Sullivan County family honored for three generations, 175 years in law enforcement

Jeff Bobo • Mar 26, 2018 at 11:41 AM

NASHVILLE — A Sullivan County family with three generations and more than 175 collective years of service in law enforcement — and counting — was honored by the Tennessee House of Representatives earlier this month for its courage and fortitude.

The Mooneyham, Jackson, Mannering family was recognized on the floor of the legislative chamber on March 12 by Rep. Bud Hulsey, himself a retired police officer.

Among those honored were:

* The late Sgt. Paul Mooneyham Sr., who served 22 years with the Tennessee Highway Patrol and was the state’s first accident reconstructionist. He was also a police academy instructor at Walters State Community College. He died in the line of duty, succumbing to a heart attack while working an accident that took the life of a Sullivan County deputy.

* His wife, Phylis Mooneyham-Thompson, who served 28 years with the THP and was the first female commercial vehicle inspector in Tennessee.

* Their son, Sgt. Paul Mooneyham Jr., who is a 32-year veteran of the THP.

* Their daughter, Phylis “Eve” Mooneyham-Jackson, who served 32 years with the Hawkins County Sheriff’s Office, became the HCSO’s first female detective and highest ranking female officer in the history of the HCSO and retired last year as a detective lieutenant.

Eve Jackson’s husband, Jeff Jackson, a 37-year veteran of the Mount Carmel Police Department, who has been chief for 20 years.

Jeff and Eve’s oldest son, Cpl. Dustin Jackson, who is a 15-year veteran of the KPD and was shot in the line of duty on Nov. 19 2017, but returned to active duty Jan. 23.

Jeff and Eve’s second son, Travis Jackson, has been a deputy with the SCSO for nine years, receiving 31 commendations and appearing in 16 episodes of the TV show “Southern Justice.”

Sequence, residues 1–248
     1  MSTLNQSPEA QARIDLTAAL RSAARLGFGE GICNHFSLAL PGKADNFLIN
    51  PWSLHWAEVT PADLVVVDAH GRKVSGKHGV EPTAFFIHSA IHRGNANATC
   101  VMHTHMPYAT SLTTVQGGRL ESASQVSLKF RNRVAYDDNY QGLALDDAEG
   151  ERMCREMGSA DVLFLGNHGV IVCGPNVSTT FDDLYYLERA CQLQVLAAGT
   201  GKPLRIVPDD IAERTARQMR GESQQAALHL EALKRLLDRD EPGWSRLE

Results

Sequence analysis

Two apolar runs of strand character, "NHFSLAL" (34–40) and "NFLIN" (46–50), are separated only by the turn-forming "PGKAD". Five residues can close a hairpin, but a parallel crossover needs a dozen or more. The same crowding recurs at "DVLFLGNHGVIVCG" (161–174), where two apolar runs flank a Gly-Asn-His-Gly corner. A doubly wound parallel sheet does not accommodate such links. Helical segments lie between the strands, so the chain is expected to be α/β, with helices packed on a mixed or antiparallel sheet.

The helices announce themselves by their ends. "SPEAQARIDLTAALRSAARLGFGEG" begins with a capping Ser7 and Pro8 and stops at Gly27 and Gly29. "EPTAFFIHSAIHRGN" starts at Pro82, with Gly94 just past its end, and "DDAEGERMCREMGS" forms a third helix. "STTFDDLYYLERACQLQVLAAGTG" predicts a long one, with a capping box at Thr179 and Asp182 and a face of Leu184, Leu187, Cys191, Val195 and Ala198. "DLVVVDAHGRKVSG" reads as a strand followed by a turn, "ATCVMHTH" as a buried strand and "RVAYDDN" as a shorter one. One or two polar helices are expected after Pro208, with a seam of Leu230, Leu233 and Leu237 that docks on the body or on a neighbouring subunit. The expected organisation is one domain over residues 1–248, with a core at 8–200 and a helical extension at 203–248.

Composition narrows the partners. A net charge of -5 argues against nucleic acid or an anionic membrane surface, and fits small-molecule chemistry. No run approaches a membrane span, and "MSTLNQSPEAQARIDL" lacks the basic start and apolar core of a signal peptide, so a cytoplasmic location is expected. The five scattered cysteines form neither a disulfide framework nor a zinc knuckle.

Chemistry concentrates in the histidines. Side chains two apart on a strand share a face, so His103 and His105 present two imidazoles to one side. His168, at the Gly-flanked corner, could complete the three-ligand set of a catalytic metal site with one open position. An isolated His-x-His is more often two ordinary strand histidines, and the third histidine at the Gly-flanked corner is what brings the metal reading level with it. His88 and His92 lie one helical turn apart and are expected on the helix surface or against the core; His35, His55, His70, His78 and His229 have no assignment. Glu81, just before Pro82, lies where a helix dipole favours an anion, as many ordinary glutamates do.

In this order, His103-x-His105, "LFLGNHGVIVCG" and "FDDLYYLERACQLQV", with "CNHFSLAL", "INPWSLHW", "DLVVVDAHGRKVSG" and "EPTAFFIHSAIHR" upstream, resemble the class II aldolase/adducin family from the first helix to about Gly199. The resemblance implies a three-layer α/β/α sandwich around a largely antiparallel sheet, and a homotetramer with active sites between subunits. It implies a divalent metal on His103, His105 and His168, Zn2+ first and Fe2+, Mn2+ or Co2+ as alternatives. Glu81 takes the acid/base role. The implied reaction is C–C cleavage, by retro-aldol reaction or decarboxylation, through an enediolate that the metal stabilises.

Hulsey also recognized another daughter of Paul Sr. and Phylis, Teresa Mannering, whose daughter Brianna is an officer with the JCPD. Hulsey also recognized Briana’s boyfriend, who is a deputy with the Washington County Sheriff’s Office.

Hulsey noted that three members of the extended family also serve in the Tennessee Bureau of Investigation and Chattanooga Police Department.

A proclamation which “honored and commended” the family for its courage and fortitude in serving and protecting the people of Northeast Tennessee was read before the House.

Few families have produced such a large number of devoted public servants, and the proclamation expressed gratitude for a “dangerous job well done.”

“This family has always meant a great deal to me, to produce so many folks in law enforcement,” Hulsey said. “For the millions of miles you ran in cruisers, for the thousands and thousands of reports you took, for enforcing the statutes that this House enacts — you are the keepers of the gate of this republic. ... This House wants to honor you and thank you.”

“On behalf of my family, the Mooneyhams, the Mannerings, and the Jacksons, we would like to say it is truly an honor and a privilege to stand here before you,” Jeff Jackson said. “It truly humbles us for you all to honor us for our service. It’s just unbelievable that somebody thinks highly of a police department anymore. We don’t see it out on the streets. We do try to enforce everything that you bring through these chambers, and we try to do it the the best of our ability. All I can say this is evidence right here of how committed all the different departments that we represent really are.”

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